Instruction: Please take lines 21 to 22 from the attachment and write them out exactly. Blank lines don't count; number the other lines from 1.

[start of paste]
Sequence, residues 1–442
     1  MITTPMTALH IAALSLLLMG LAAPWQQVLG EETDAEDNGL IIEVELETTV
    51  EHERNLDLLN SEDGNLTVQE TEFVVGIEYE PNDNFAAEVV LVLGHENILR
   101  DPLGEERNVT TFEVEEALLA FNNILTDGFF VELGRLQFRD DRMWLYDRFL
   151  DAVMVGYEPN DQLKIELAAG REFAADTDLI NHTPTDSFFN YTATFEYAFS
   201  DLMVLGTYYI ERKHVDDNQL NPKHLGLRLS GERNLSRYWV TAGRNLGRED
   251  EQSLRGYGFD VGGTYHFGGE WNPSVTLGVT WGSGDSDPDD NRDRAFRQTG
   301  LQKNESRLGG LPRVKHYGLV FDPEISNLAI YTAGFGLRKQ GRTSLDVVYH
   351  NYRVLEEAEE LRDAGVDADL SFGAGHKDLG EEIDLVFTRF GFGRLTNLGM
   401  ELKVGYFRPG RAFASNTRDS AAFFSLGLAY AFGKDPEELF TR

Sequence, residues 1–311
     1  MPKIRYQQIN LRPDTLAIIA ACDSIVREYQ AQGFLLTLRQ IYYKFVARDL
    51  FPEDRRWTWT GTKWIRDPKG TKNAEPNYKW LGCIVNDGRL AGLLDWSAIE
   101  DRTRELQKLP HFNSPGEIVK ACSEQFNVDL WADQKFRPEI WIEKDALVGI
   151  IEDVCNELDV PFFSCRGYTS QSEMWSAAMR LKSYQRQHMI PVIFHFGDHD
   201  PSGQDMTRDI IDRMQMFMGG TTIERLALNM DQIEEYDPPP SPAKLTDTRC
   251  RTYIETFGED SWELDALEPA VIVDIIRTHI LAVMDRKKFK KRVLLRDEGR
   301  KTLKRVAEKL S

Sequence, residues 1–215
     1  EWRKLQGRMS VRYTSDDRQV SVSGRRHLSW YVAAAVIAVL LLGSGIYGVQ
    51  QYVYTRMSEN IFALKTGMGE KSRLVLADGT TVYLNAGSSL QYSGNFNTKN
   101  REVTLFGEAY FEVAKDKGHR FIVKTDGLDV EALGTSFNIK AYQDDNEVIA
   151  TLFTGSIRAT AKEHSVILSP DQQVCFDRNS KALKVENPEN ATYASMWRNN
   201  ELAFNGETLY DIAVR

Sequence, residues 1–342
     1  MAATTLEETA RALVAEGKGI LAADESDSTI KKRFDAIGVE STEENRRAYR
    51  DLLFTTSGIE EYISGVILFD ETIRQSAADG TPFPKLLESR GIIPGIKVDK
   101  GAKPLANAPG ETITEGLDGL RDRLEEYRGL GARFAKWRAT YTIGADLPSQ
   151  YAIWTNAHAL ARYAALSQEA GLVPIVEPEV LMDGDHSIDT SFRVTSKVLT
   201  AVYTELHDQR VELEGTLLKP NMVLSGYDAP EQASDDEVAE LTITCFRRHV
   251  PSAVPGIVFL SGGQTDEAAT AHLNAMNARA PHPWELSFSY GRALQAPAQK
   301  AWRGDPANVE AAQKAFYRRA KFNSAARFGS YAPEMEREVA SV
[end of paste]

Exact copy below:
    51  QYVYTRMSEN IFALKTGMGE KSRLVLADGT TVYLNAGSSL QYSGNFNTKN
   101  REVTLFGEAY FEVAKDKGHR FIVKTDGLDV EALGTSFNIK AYQDDNEVIA